‘Sindhubaadh’ Review: The film tries too hard to be interesting but fails.
Last Modified On: 28 June 2019 | Reviewed By: Saurabh S Nair
This mediocre film is written and directed by Arun Kumar.
Did you watch this movie? How much do you feel it was worth?
In Sindhubaadh, Vijay Sethupathi plays a role that is closer to that of a mass hero but stops just short of being one. His character Thiru is a thief who picks pockets and steals from the affluent, with help from his sidekick Super (Surya Vijay Sethupathi, who makes a confident debut in an enjoyable role of a sidekick). He is a little hard of hearing, a quirk that Arun Kumar employs to good comic effect. The scenes between them are entertaining but it adds little to the film’s narrative.
A chance encounter with Venba (Anjali), a contract laborer in Malaysia, who had come to her native on leave, makes Thiru fall in love with her. He starts wooing her, and seeing that he is good at heart, she starts reciprocating much against the wishes of her family. But soon, she leaves for Malaysia, and the next time Thiru hears her, she is pleading with him to come and rescue her from Thailand where she is trapped in skin trading mafia. Thiru with his sidekick goes off to Thailand to rescue her.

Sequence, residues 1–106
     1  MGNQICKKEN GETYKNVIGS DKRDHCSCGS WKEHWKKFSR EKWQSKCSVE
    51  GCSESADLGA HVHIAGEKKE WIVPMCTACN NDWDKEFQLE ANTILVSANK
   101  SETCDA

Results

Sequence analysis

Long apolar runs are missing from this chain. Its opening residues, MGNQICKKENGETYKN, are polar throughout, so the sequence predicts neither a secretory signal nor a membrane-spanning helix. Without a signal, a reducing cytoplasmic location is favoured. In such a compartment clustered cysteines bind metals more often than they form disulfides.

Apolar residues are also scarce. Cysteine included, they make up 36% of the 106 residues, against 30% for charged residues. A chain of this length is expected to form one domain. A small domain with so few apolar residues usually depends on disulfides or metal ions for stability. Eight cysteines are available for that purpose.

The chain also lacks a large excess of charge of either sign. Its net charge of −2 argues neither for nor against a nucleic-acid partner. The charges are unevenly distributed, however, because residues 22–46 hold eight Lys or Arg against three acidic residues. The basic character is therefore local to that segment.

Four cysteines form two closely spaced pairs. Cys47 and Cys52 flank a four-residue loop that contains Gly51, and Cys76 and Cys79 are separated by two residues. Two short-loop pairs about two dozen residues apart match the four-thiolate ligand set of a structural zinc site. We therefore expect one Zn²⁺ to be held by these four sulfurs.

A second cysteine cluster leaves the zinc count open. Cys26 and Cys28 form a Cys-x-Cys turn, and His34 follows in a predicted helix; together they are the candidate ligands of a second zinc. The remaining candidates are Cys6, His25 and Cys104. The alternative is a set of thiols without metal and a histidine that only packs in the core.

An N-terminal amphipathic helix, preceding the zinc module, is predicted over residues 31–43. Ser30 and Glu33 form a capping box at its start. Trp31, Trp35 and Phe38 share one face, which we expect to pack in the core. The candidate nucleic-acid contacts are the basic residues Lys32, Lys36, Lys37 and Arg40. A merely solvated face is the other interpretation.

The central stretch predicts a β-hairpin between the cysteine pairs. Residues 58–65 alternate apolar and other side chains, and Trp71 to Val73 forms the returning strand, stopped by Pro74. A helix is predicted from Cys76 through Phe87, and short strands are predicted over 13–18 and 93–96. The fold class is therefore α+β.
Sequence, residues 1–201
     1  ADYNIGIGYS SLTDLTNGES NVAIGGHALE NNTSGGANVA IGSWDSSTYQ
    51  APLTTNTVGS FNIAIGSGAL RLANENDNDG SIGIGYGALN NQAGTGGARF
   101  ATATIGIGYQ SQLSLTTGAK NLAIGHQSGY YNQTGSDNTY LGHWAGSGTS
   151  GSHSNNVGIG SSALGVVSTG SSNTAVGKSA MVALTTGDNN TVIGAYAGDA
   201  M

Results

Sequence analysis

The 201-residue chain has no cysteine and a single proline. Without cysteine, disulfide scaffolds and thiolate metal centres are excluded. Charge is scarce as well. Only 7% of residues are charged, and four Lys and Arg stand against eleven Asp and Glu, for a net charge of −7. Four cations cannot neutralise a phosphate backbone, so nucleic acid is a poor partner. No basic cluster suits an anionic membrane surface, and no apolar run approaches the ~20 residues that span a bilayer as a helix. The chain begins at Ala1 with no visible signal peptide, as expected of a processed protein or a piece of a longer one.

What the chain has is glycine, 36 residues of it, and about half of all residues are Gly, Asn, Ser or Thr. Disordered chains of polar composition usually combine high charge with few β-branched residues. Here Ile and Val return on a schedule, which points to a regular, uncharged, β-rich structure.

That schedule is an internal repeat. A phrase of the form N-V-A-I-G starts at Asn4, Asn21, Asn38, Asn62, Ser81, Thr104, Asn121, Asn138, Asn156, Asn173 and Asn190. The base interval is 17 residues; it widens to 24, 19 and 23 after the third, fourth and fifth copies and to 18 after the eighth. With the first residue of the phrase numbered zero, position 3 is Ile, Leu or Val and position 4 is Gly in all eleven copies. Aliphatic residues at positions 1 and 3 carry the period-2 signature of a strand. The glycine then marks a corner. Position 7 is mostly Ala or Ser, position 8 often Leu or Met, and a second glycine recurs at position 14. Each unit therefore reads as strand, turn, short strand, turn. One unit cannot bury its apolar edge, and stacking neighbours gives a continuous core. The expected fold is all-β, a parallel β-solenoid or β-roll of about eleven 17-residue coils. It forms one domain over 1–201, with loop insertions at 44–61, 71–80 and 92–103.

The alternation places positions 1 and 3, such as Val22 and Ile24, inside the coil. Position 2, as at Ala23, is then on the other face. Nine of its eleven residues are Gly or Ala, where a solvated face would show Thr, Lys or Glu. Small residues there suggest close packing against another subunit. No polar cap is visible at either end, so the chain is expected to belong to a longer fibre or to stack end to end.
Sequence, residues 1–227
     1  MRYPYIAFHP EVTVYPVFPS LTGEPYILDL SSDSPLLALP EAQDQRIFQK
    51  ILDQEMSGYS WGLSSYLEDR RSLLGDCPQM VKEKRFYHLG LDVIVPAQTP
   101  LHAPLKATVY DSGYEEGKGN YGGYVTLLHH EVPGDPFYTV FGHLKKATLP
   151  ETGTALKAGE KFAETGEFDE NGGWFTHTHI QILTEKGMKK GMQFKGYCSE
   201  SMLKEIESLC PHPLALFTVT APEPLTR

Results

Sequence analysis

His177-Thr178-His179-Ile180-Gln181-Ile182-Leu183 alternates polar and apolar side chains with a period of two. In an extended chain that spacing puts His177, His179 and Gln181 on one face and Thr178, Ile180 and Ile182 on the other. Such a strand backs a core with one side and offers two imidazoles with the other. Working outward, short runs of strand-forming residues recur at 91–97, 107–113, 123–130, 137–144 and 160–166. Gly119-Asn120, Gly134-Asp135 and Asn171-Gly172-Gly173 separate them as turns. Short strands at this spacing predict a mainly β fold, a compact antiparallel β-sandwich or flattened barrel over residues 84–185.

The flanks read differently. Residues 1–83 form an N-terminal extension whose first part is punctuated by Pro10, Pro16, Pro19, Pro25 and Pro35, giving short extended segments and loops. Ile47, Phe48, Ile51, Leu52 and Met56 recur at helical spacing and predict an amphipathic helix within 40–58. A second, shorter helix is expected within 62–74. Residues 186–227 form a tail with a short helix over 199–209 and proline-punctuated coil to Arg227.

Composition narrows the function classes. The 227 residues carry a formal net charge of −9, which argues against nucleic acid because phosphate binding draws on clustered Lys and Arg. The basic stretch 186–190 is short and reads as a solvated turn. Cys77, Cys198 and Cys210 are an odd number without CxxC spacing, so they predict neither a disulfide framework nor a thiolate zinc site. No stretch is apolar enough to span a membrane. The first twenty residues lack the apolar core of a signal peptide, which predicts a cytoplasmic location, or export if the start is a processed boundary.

The first half of Sindhubaadh is easily its finest, bearing the stamp of Arun Kumar, who fills it with enjoyable humor, cutesy romance, and Vijay Sethupathi-isms. The scene transitions are smooth, Yuvan Shankar Raja’s songs foot-tapping and Vijay Kartik Kannan’s painterly visuals appealing.
But the film somewhat falls short in the second half, due to its predictability. The problem is with the protagonist Ling, despite the build-up to his character, Ling doesn’t come across as a powerful antagonist.
We get one too many scenes of Thiru and Super evading Ling’s endless henchmen that things get tiresome after a point. Arun Kumar also stretches plausibility after a point.
The scene which involves the operations of the skin trade syndicate is disturbing to watch but lacks the finesse that we see elsewhere in the craft. But if the film manages to hold our interest, it is mainly because we have come to care about these characters.
Vijay Sethupathi’s portrayal of Thiru as a hero with vulnerabilities also infuses some tension into these portions. This is the massiest character in his entire film career. But this film isn’t satisfying as Arun Kumar’s previous films, Pannaiyarum Padminiyum and Sethupathi. Sindhubaadh tries too hard to be intriguing but falls short.